Year Established: 2020 Start Date: 2020-03-01 End Date: 2021-02-28
Total Federal Funds: $12,750 Total Non-Federal Funds: $227,482
Principal Investigators: Sarah Collins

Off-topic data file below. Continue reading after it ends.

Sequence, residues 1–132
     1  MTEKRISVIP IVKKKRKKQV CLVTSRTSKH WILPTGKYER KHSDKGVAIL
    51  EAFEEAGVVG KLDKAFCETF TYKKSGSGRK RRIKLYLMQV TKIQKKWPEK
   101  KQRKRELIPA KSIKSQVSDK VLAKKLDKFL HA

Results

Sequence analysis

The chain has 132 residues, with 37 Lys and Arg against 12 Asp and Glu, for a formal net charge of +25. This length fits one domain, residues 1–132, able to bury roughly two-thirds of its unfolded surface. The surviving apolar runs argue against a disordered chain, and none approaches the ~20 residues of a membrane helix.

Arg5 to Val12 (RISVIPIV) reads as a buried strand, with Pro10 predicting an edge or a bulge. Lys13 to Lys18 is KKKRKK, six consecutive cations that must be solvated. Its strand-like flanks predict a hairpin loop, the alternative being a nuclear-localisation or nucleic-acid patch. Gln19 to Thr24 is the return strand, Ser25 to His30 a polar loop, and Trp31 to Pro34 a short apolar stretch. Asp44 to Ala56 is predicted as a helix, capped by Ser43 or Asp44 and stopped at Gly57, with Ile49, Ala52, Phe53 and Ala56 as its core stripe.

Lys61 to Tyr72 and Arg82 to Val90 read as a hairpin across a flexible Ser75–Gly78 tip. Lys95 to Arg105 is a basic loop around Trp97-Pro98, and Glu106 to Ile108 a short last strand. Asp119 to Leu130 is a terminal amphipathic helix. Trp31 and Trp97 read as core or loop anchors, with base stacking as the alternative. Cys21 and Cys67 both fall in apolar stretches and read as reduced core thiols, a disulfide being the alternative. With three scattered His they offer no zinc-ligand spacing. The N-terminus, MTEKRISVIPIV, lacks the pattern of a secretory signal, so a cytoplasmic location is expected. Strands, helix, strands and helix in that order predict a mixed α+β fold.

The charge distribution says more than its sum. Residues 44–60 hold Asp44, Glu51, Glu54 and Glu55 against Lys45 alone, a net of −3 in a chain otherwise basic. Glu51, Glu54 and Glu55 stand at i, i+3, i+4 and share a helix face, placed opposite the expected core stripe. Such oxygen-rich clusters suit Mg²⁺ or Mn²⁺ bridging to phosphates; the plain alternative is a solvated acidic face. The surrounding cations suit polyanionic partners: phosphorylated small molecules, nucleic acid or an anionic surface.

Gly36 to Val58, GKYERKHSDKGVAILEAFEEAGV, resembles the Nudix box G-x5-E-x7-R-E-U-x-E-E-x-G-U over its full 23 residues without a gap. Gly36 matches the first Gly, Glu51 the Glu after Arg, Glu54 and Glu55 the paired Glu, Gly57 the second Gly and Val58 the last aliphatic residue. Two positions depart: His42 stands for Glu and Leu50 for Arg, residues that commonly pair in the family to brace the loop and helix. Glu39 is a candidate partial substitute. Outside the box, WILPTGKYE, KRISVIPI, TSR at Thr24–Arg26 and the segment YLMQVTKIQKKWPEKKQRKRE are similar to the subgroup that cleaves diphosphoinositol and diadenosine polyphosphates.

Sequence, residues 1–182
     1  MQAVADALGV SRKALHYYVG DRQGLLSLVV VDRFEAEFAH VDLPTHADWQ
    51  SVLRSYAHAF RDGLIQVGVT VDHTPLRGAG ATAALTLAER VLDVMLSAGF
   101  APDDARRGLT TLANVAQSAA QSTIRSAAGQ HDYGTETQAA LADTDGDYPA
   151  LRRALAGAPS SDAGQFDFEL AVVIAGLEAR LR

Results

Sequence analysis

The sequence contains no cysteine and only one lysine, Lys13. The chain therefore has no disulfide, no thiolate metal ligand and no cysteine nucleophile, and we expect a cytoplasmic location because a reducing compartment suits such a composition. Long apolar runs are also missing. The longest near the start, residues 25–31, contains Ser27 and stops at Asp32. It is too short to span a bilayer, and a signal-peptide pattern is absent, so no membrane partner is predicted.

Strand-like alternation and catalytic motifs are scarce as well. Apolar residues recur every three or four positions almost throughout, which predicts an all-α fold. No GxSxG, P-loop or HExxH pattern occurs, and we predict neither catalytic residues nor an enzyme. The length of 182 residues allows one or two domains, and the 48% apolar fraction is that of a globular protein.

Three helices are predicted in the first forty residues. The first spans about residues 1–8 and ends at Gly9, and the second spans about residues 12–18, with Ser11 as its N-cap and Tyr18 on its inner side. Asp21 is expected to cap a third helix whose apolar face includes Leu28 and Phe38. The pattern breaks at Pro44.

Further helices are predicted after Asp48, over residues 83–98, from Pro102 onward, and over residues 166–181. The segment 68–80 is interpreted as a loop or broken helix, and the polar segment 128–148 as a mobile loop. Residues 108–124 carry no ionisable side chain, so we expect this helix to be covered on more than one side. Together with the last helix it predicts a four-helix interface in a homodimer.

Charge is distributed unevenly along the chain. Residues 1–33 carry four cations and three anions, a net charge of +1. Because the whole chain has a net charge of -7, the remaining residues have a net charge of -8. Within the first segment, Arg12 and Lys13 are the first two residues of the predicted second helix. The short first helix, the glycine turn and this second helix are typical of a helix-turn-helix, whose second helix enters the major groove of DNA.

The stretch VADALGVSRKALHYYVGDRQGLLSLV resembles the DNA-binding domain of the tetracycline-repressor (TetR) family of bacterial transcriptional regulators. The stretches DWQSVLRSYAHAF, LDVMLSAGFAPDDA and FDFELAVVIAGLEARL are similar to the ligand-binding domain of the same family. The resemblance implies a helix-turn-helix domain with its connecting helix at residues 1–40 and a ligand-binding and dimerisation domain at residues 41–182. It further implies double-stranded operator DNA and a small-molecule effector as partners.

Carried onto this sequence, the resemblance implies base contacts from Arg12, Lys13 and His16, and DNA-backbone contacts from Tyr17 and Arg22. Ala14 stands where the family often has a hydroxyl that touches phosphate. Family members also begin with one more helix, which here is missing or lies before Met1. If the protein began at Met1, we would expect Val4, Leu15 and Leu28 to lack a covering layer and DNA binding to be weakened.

Abstract: Abstract: We propose to apply state-of-the art advanced molecular biology approaches to evaluate a suite of questions related to the sources, persistence, and transport of waterborne pathogens in Wyoming rivers. This work will provide evidence to guide management for the high number of streams that have been listed as impaired based on high E. coli levels in statewide water quality surveys. In particular, we will use a combination of culture-based methods and next-generation DNA sequencing to illuminate the sources of fecal contamination in streams. Microbial source tracking can help to determine whether bacteria originate from natural or anthropogenic sources, providing key information for management action to eliminate pathogen sources to streams. The proposed research will evaluate both traditional indicator species and full bacterial communities to determine whether the use of indicator species is an effective means to assess contamination from high risk sources. Finally, by conducting analyses of stream sediment as well as stream water, this work will also provide evidence on whether sediment serves as a persistent source of indicator bacteria in streams where management practices in watersheds have attempted to reduce inputs from point and non-point sources. To our knowledge, the proposed research will be the first study to apply modern next-generation sequencing technology to address water resource management problems related to fecal pollution in Wyoming rivers.